In the end, the only vote taken on the marriage issue was a procedural vote on a motion to substitute the committee's unfavorable report with the original, un-amended bill. The motion for substitution was offered by a conservative Democrat, David Rudolph (D., Cecil).

Following a lengthy debate, 61 members voted to support the substitution motion. That number is notable because only 42 Republicans voted in favor, meaning 19 Democrats also voted to support allowing the House of Delegates to hold a full up or down vote on the marriage amendment.

The Western Maryland Delegation (Carroll, Frederick, Washington, Allegany, and Garrett counties) overwhelmingly voted for the motion to substitute the original bill for the unfavorable committee report. Even several Democrats voted for the motion, except Del. Galen Clagett (D., Frederick).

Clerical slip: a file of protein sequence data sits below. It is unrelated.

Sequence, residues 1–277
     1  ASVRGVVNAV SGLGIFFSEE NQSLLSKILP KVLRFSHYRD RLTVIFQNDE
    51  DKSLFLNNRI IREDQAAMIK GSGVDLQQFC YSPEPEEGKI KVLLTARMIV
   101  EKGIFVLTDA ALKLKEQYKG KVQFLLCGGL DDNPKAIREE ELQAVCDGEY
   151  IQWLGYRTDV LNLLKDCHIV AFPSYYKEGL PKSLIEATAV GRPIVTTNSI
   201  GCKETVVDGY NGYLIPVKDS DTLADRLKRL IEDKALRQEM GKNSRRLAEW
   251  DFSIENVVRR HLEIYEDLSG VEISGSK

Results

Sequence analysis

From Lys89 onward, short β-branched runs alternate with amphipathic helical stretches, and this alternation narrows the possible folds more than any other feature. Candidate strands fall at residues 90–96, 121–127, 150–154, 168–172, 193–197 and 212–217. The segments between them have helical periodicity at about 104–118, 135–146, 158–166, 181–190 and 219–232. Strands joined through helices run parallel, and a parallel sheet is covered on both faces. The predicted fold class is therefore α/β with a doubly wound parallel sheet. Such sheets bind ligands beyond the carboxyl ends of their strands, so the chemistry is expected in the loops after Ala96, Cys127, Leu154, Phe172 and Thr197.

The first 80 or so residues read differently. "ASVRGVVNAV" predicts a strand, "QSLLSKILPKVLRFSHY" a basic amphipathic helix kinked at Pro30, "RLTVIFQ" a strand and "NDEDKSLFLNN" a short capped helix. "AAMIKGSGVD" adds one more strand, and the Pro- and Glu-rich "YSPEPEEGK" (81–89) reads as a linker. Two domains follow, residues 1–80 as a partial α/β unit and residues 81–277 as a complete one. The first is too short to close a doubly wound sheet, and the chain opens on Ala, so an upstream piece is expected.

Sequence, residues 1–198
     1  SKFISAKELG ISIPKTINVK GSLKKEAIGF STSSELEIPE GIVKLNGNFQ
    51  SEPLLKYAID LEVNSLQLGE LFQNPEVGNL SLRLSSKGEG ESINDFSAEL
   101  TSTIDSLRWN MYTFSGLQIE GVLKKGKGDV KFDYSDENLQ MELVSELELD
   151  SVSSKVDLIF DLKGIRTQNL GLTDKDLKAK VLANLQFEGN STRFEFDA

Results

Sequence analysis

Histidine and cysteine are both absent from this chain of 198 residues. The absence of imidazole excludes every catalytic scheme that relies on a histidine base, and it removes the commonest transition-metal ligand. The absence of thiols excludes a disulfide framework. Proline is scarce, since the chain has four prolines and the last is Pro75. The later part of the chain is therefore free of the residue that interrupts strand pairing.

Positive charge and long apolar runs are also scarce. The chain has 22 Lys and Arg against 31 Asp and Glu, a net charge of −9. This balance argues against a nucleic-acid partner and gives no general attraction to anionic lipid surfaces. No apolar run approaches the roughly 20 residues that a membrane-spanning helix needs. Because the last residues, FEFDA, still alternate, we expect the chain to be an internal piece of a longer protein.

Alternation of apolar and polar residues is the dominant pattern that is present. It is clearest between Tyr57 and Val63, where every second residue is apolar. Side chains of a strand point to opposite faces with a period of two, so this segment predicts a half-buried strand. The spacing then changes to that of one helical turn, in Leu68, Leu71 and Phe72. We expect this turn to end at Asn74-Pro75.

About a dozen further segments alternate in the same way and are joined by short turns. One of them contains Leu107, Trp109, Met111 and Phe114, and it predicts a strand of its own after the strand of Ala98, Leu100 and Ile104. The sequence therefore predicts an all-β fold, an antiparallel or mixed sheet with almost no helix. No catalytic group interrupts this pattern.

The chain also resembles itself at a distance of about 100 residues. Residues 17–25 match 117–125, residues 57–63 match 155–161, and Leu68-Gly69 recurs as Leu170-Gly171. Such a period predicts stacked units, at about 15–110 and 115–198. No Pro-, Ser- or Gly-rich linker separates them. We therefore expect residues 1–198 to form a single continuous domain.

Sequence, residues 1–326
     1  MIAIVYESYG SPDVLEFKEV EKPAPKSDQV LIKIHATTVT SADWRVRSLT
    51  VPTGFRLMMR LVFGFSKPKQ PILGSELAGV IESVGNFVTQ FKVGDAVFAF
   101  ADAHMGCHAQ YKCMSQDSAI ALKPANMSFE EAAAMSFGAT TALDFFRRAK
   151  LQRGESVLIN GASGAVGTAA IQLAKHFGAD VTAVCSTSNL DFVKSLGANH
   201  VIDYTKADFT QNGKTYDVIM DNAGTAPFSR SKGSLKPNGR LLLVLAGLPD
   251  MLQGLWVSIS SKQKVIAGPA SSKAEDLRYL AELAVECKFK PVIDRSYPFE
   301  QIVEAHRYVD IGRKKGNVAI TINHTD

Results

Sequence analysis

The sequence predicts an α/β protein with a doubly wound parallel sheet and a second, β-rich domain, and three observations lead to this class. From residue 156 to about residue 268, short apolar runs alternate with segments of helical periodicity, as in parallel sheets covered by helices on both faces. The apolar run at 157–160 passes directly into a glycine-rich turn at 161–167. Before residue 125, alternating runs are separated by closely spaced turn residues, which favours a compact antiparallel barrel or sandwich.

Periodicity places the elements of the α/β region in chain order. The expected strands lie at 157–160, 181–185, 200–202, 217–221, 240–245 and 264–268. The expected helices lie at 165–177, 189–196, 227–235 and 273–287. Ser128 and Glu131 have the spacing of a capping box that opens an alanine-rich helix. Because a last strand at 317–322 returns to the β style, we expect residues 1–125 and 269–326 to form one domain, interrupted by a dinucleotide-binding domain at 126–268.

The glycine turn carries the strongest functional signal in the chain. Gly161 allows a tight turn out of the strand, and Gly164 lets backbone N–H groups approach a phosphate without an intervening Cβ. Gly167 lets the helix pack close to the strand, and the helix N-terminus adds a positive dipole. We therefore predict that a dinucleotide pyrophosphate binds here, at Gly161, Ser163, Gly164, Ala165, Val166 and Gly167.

Delegate Clagett was the only member who opposed the motion, based on the fact that he supports the committee process. He also stated that he felt the courts should decide this question, and that the appeals process should be allowed to play out.

Now the battle will shift to the political front. The reason that Republicans wanted a vote and Democrats used every trick in the book to deny a vote is simple. If the 2006 ballot listed a constitutional amendment to define marriage as between a man and a woman, conservative voters would flock to the polls to cast that vote.

In so doing, they would also likely vote for more conservative candidates for state offices. The evidence is clear that Republicans would benefit directly from the flood of motivated voters. In every state where that question was on the ballot in the 2004 presidential election, George W. Bush was a clear and convincing victor.

Time will tell whether a vote on a procedural motion will carry the same weight with voters, but rest assured that religious and conservative organizations will use that procedural vote to highlight members who stymied the effort, while gay advocacy groups will use the reverse strategy to target members who support a traditional definition of marriage.